In the solar system of designer toys, I’ve just become aware of a neighboring planet: modern dollhouses. The designer dollhouse planet is populated by meticulous, artsy, crafty collectors–just like the the fun folks on the designer vinyl toy planet!
I spent the past hour or so geeking out on the amazing (largely German-designed) modern dollhouses of the 1950s, 60s and 70s, but let’s start with something more recent: The Kaleidoscope House. Designed by artist Laurie Simmons and architect Peter Wheelwright and produced by Bozart Toys, the Kaleidoscope House is a 1:12 scale modernist architectural house. It has sliding transparent color walls and an accessory line of miniature furniture from contemporary designers and artists including Karim Rashid and Cindy Sherman.
The tiny furnishings are still available and affordable, but be prepared to shell out some full-size cash for the amazing technicolor dream house. I couldn’t find a current live auction on eBay, but in 2007, an unassembled Kaleidoscope House sold for nearly $1,600. In 2009, $450 secured a used model off Craigslist.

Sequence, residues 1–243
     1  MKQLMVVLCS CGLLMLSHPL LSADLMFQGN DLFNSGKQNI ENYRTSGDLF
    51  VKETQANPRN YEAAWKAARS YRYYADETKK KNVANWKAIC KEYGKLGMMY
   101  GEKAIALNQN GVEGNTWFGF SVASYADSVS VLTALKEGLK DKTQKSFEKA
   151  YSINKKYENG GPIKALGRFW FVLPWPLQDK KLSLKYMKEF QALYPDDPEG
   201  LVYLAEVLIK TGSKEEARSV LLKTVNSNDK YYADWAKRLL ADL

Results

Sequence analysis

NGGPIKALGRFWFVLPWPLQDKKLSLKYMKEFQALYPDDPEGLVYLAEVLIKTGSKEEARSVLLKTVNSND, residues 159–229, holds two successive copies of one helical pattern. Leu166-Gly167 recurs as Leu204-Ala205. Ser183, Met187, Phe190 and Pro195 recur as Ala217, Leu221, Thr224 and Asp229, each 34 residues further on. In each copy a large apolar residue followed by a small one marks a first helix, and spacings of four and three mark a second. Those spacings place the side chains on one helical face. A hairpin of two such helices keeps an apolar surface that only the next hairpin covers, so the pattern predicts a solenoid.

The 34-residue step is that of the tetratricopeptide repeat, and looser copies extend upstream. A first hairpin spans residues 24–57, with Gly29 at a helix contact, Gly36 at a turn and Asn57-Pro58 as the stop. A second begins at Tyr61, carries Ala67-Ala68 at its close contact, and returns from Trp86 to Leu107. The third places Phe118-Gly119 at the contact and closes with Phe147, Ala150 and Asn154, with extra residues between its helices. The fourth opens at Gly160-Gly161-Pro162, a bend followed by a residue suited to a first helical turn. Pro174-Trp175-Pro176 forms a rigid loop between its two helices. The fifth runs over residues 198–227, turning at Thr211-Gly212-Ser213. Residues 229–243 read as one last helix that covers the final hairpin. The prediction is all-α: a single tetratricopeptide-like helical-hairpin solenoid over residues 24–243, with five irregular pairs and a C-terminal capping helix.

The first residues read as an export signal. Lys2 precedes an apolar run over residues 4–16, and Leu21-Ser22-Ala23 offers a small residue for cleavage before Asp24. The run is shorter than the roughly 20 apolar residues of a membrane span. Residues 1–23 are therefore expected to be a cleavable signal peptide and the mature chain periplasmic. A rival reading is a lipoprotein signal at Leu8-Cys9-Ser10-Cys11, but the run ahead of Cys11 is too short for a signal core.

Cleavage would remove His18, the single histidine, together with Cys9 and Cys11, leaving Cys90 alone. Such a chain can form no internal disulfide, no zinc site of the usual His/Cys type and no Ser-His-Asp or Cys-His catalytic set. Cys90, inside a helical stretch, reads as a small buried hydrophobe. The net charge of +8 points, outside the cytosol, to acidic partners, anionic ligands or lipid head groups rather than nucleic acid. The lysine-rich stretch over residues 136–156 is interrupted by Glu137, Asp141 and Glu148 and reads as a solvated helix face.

Going back in time, check out this 1960s den from the American-made Debbie’s Dream House above! Not only do designer dollhouse fans collect the houses and furniture, some of them make their own. Those tiny pillows below are handmade by The Shopping Sherpa, and she provides a tutorial here. “Craft is the new black,” indeed!
For lessons of a historical nature, head over to the Püppenhaus Museum. Like all the best toys, dollhouses and their interior fittings tell important stories about the times in which they were made. The assemblage of miniature food below reflects post-war Germany.
There is a bustling subculture of miniature modern designer dollhouses. Google around, or start with one of my favorites: Call of the Small. Click through for a few 1960s and 1970s models I’d happily live in if I wasn’t so darn gigantic!